In what Town Counsel Fred Townsend called an almost perfunctory stage of the application process, Dewey Beach commissioners voted unanimously Oct. 21 to refer to the planning and zoning commission a proposed expansion of an existing conditional use for planned restaurant Starboard Claw.
“Today’s process is merely involving referral of it to the planning commission for a more in-depth look into the application,” Townsend said.
Attorney Glenn Mandalas said his client Steve “Monty” Montgomery of Starboard Claw wants to transform the current Hammerheads location into a new seafood restaurant and to do so, requests the expansion of Hammerheads’ conditional use onto the adjoining property at 26 Bellevue St.
The proposed use is appropriate, Mandalas said, because the area is surrounded by commercial properties and is consistent with the 2018 comprehensive development plan.
Plans call for a two-story restaurant with indoor and outdoor dining on each floor, for a total of 204 seats and a patron area of 3,694 square feet, he said; 32 of the 204 seats will be dedicated bar top seating.
Steve Robins, who participated in public comment via Zoom, said he supports the proposed restaurant but that some issues need to be addressed, including a fence or buffering between the restaurant and adjoining residential property.
“I have no doubt that Mr. Montgomery and his team will be good neighbors as this goes through the planning commission,” Robins said.
Some issues need to be discussed, Mayor Bill Stevens said, and the larger issue is parking. Stevens suggested, as a parallel path, that a complete review of the town’s parking requirements by planners would ensure rules are up-to-date and ensure public safety.
Town code requires restaurants with patron space of more than 2,000 square feet to provide one parking space for every 200 square feet of patron space; under this requirement, Starboard Claw would need to provide 19 off-street parking spaces.
Starboard Claw’s application requests a waiver of 17 parking spaces, stating the area would be better served by providing two off-street parking spaces and room for bicycle and scooter parking.
Commissioner David Jasinski motioned to refer the site plan and application to the planning commission with the provision that any deviations from parking requirement require board of adjustment approval or exception. The site plan submitted should include the proposed parking plan, he said.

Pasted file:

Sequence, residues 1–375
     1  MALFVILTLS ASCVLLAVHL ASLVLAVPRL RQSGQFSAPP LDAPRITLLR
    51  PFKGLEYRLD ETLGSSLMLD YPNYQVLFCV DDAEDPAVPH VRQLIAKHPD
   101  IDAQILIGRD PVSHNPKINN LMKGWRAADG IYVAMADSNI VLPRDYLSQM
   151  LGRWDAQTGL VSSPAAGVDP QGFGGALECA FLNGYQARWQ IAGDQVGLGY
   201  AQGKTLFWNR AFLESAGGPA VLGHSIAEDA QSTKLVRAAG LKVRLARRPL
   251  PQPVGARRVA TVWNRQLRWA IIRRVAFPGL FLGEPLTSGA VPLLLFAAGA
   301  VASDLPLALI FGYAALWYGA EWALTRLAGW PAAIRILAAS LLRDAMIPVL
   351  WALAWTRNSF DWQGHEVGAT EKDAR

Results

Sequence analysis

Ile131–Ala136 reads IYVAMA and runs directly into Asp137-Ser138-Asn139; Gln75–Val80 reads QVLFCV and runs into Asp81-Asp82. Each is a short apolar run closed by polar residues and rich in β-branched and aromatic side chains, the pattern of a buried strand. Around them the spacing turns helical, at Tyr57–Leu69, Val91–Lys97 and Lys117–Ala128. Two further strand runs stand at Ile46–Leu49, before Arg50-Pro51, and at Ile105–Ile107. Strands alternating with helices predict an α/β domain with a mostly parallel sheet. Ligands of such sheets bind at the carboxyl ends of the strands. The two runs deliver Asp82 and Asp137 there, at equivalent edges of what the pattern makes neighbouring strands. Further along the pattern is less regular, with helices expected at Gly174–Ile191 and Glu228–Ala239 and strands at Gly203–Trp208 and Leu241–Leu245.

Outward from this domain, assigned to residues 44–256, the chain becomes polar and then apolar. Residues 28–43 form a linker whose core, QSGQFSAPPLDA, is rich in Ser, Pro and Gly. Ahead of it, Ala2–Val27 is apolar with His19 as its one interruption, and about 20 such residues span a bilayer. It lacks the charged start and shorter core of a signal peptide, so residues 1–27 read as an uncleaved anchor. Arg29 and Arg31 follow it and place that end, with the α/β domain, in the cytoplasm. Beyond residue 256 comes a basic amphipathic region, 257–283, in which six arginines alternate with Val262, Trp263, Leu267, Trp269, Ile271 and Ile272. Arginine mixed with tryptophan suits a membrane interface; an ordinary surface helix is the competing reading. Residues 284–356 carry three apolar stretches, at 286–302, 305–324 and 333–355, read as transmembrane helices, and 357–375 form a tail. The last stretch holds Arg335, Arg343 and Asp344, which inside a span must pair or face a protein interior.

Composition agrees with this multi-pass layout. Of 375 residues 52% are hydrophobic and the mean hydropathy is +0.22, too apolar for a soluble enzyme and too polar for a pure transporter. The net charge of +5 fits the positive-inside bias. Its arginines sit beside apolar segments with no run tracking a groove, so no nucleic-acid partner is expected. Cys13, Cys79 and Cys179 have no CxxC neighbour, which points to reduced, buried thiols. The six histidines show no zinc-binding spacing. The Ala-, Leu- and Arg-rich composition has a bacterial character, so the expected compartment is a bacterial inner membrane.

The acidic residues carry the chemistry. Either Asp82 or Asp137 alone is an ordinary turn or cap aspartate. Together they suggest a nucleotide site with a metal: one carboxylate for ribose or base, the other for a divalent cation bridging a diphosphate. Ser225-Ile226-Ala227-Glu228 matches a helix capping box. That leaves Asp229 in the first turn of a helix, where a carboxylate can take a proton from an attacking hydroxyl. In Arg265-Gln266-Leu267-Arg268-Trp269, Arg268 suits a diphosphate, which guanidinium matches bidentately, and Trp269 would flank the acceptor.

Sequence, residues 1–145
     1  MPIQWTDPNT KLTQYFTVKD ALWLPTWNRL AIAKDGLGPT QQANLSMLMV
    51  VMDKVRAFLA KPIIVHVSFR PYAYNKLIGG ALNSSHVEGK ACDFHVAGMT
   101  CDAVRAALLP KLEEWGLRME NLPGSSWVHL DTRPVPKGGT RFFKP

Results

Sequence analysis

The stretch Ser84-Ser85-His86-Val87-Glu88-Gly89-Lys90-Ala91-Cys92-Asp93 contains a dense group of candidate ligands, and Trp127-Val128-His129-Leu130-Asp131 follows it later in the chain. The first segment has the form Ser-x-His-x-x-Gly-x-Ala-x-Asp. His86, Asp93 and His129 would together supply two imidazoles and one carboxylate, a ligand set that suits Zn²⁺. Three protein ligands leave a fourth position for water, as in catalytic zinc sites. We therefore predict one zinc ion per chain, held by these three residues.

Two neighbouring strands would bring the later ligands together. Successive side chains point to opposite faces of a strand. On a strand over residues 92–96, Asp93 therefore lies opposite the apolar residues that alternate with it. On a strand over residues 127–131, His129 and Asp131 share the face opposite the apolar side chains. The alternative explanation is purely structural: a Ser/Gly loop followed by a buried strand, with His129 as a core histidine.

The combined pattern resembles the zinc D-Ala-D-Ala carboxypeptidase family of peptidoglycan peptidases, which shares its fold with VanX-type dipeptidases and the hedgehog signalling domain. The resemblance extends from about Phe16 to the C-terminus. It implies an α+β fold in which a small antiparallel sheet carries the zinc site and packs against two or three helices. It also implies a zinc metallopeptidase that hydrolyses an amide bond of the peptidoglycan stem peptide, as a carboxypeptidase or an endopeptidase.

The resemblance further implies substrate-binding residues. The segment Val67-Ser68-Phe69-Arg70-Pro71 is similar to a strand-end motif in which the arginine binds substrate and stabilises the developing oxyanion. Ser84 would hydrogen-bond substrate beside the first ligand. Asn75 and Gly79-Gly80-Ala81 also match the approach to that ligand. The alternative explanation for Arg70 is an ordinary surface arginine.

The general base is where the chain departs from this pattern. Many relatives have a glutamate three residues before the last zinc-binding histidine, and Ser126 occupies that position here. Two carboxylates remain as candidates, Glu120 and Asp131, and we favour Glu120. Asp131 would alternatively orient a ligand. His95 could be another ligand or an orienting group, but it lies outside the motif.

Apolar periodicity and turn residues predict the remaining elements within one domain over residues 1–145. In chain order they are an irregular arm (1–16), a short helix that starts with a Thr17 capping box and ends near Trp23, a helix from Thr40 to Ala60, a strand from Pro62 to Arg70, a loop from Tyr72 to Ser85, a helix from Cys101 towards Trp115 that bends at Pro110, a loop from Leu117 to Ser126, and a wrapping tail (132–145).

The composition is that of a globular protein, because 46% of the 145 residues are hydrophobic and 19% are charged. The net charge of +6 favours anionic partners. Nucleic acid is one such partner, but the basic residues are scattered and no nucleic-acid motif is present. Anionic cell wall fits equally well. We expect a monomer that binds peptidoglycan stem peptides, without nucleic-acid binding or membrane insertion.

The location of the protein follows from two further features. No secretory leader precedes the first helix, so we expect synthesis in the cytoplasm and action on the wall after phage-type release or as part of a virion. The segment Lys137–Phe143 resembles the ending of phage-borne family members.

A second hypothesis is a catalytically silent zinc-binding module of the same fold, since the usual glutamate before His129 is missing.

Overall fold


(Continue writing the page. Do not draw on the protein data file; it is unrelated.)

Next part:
Townsend said he and Mandalas would discuss parking requirements in the coming days; the applicant may or may not choose to advance the request for relief from the parking requirement.
“I don't think we need to make the referral to the planning commission contingent upon some legal conclusion regarding this group’s authority to grant a waiver from parking,” Townsend said.
Jasinski said he would strike that portion from his motion; Commissioner Gary Persinger said he would have seconded the motion if the provision was included.
“I think I have a harder line view,” Persinger said, stating that commissioners need to approve a site plan that complies with town code before sending it to the planning commission.
Persinger said he would be uncomfortable approving a site plan that doesn’t meet parking requirements. The board of adjustment can grant waivers, exceptions or variances to town code, he said, not town council.
Townsend said it would still be appropriate to send the application to planners, so Jasinski modified his motion to include that the referral to planners does not constitute approval of the site plan.
Persinger said he was not trying to oppose the application, but he would like to add to the motion that the pending matter is determining which forum is appropriate for advancing a request for relief from parking requirements.
Commissioner Paul Bauer said the applicant could create 19 parking spaces by using the first floor as parking. The second and third floors could be the restaurant and the building would still be under the 35-foot height limit. Planners can say whether or not parking is required, Bauer said.
“I think you all know how I feel about parking,” Bauer said. “It was a great idea at the time, but most people take Ubers in and out, and frankly I'd rather people buy parking passes and permits to come into town.”
Commissioner Elisabeth Gibbings said, “That’s a horrifying image you just painted.”
Bauer said he agreed, but if the applicant has to provide that many parking spaces, they wouldn’t have space for a kitchen, and the proposed restaurant would essentially become a bar.
Persinger agreed the site plan and application could go to planners and that Townsend and Mandalas would have the opportunity to discuss options and determine the appropriate body - either the planning commission or board of adjustment - to decide the parking requirement issue.
The Dewey Beach planning and zoning commission will hold a public hearing and meeting on the application at 12:30 p.m., Saturday, Nov. 13, at the Lifesaving Station, 1 Dagsworthy Ave. A Zoom link to the meeting is available at townofdeweybeach.com.